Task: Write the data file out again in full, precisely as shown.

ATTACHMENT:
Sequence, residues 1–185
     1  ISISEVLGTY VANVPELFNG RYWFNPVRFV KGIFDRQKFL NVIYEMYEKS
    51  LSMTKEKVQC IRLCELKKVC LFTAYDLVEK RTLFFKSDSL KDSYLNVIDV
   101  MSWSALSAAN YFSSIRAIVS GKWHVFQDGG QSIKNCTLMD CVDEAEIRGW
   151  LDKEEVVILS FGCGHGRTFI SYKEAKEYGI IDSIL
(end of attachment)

Sequence, residues 1–185
     1  ISISEVLGTY VANVPELFNG RYWFNPVRFV KGIFDRQKFL NVIYEMYEKS
    51  LSMTKEKVQC IRLCELKKVC LFTAYDLVEK RTLFFKSDSL KDSYLNVIDV
   101  MSWSALSAAN YFSSIRAIVS GKWHVFQDGG QSIKNCTLMD CVDEAEIRGW
   151  LDKEEVVILS FGCGHGRTFI SYKEAKEYGI IDSIL